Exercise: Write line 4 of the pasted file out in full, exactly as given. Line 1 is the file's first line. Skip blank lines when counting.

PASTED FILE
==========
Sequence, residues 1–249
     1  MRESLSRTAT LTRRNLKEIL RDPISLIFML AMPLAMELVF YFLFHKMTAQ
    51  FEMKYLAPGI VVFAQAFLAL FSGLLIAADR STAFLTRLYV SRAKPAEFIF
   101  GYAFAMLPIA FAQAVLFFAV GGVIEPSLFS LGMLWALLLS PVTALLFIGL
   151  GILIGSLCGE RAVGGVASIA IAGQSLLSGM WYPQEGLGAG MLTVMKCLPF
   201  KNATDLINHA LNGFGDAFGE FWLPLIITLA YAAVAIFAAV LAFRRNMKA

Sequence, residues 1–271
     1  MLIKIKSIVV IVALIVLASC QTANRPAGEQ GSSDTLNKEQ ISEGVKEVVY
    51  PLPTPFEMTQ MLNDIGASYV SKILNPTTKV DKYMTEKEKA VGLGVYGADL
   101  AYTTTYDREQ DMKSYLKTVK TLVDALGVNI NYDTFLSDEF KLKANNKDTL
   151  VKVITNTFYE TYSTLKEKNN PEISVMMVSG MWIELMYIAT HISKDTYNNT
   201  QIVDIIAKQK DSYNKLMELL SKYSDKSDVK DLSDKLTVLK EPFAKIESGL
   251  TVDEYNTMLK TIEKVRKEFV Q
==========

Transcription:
   101  GYAFAMLPIA FAQAVLFFAV GGVIEPSLFS LGMLWALLLS PVTALLFIGL